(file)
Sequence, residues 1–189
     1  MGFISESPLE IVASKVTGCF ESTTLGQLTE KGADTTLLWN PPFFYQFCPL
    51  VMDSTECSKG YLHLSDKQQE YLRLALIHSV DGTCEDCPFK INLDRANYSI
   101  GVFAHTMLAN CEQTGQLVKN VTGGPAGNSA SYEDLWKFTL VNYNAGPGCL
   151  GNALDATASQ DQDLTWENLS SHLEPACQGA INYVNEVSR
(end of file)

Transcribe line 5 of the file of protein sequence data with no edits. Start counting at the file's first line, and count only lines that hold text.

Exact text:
   151  GNALDATASQ DQDLTWENLS SHLEPACQGA INYVNEVSR